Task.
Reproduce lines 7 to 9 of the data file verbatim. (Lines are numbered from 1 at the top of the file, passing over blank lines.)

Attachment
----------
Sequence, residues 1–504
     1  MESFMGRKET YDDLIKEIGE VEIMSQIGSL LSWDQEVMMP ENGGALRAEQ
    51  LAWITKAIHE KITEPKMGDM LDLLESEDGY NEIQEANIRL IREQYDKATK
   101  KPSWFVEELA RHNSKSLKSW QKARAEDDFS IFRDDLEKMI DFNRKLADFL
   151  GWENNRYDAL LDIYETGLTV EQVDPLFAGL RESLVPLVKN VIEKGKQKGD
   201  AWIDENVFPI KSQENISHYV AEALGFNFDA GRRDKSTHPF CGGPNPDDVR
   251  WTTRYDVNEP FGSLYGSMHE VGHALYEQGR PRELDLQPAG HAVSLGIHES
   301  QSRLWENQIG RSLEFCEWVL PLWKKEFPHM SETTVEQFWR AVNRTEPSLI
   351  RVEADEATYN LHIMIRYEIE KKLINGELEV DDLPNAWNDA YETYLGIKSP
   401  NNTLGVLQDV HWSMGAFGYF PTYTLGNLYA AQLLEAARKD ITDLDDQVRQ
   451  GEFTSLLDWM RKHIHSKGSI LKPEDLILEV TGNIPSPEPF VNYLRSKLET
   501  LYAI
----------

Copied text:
   251  WTTRYDVNEP FGSLYGSMHE VGHALYEQGR PRELDLQPAG HAVSLGIHES
   301  QSRLWENQIG RSLEFCEWVL PLWKKEFPHM SETTVEQFWR AVNRTEPSLI
   351  RVEADEATYN LHIMIRYEIE KKLINGELEV DDLPNAWNDA YETYLGIKSP